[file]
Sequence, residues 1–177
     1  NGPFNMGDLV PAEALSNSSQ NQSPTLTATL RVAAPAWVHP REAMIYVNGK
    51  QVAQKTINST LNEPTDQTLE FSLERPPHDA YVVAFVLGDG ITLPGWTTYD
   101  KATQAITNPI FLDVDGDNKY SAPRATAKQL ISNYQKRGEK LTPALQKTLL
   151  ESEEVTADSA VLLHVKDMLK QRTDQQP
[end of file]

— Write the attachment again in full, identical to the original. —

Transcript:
Sequence, residues 1–177
     1  NGPFNMGDLV PAEALSNSSQ NQSPTLTATL RVAAPAWVHP REAMIYVNGK
    51  QVAQKTINST LNEPTDQTLE FSLERPPHDA YVVAFVLGDG ITLPGWTTYD
   101  KATQAITNPI FLDVDGDNKY SAPRATAKQL ISNYQKRGEK LTPALQKTLL
   151  ESEEVTADSA VLLHVKDMLK QRTDQQP